Society & Culture - Global
Drexel Students Travel to London Paralympic Games
Olympic Stadium, photo courtesy of Populous
Nine Drexel University students will travel to London from August 31 through September 8 to see the 2012 Paralympic Games, as part of the travel-integrated course “Perspectives on Disability,” the fourth course in the Great Works Symposium 2012 Series.
Students will attend the games at Olympic Park and meet with the various people involved in the event, including Paralympians, trainers and special Paralympic reporters. In addition to the games, students will get to see the iconic sights of London, including a boat tour along the Thames River, a ride on the London Eye, museum visits and a night out at the theater.
Dr. Scott Knowles, an associate professor of history and politics in the College of Arts and Sciences, will lead the trip, accompanied by Dr. Stephen Gambescia, an associate clinical professor, and Dr. Kristine Mulhorn, associate professor and chair of the Health Administration Department, both from the College of Nursing and Health Professions. The students in the class, Claire Arnos, Wayne Cheng, Katie Delaney, Kyla Lafond, Katie Leis, Frederick May, Joleen Petroski, Ariel Pollak and Binod Yapa, are enrolled in a variety of majors ranging from biology to business to engineering.
“I am so excited to be able to go and see some of the best disabled athletes in the world, along with the best adaptive sports trainers, coaches and researchers in sport and disability,” said Kyla Lafond, a pre-junior, who is pursuing custom-designed major specializing in disability services. “One of the best contacts that I have made is a physical therapist who worked at this year's Olympic Games and will be working at the Paralympic Games as well.”
While experiencing the cultural offerings of the city and the Paralympic games, students will continue to participate in discussion sessions and conduct research for the course. The course examines the concepts of disability, including physical and mental disabilities, medical research and the advancing technology that has changed what it means to be disabled and the ethics of accommodating those with disabilities.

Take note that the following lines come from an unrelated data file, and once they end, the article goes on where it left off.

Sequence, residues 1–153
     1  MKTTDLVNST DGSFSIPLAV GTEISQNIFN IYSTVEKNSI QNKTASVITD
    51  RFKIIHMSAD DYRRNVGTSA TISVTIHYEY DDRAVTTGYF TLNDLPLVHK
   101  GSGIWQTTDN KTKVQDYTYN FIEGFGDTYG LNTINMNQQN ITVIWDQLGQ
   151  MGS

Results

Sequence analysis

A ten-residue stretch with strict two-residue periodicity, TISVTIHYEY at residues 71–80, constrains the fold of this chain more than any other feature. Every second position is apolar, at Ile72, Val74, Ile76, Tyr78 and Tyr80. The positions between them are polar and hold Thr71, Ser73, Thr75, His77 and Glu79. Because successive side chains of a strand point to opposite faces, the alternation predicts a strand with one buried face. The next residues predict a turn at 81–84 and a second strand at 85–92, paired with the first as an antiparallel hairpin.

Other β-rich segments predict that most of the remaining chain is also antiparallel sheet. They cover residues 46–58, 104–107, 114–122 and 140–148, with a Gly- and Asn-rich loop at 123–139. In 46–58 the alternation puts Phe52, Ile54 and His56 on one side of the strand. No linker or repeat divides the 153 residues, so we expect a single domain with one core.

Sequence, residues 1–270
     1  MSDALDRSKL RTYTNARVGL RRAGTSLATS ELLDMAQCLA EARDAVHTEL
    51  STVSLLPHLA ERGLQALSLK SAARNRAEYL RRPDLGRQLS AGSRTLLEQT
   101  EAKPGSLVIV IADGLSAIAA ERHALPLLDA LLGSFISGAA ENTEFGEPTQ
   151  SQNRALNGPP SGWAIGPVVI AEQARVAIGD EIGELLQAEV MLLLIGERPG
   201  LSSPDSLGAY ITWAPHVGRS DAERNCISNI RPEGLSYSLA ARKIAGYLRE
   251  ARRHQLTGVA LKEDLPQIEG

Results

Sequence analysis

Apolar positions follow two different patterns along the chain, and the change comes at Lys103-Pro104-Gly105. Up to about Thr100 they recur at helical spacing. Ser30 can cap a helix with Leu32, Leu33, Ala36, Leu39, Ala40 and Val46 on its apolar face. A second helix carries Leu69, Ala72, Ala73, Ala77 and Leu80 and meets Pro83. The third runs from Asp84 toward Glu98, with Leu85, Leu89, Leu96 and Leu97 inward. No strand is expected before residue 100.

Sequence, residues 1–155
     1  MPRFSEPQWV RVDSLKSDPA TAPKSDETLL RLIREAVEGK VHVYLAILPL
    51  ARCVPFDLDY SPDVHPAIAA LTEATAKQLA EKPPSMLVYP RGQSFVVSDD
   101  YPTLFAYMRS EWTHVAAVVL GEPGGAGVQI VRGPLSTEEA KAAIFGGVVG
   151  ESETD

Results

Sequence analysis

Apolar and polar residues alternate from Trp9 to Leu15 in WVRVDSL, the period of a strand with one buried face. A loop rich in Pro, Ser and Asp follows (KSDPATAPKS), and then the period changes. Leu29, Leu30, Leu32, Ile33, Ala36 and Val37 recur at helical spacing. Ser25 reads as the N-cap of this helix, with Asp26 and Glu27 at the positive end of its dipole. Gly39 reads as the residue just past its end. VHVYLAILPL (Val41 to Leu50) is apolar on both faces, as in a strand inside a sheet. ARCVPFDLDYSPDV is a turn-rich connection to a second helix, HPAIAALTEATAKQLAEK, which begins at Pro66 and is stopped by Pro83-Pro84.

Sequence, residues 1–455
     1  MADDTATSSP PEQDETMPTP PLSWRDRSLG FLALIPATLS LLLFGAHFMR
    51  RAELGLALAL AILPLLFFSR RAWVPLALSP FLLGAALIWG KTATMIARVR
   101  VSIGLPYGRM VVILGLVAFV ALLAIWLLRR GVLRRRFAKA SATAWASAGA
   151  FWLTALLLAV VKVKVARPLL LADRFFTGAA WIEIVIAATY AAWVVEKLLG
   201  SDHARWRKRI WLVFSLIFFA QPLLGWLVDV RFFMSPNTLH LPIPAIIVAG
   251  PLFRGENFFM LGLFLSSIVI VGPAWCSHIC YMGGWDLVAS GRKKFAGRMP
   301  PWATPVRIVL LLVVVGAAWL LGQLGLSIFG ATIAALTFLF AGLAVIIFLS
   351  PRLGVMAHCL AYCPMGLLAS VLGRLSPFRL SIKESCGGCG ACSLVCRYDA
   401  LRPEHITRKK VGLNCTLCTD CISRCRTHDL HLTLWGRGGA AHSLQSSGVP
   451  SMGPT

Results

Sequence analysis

Observing the Paralympics allows students to see first-hand some of the theoretical concepts addressed in class and make connections between historical and contemporary issues. It affords the participants an opportunity to pursue deeper, meaningful research that will inform their final project for the course.
“The Great Works Symposium requires that students step out of their comfort level, as well as to research and present on a new topic or idea,” said Lafond. “My group's research topic is ‘Adaptive Sports: A Perspective on Technology, Ethics, and Culture.’ I am really excited to see how my experiences at the games will contribute to my understanding of this area.”
The Great Works Symposium is housed in the Center for Interdisciplinary Inquiry (CII) at Drexel. The CII is home to the Great Works Symposium, the Custom-Designed Major Program, Honors travel-integrated courses and stimulating faculty and student research focused on an interdisciplinary approach. CII and Staffordshire University partnered to make the travel-integrated course possible. Staffordshire’s Faculty of Health Sciences has a Centre for Sport, Health and Exercise Research gaining the Centre a reputation for sport-disability work, making the university an ideal partner for the course.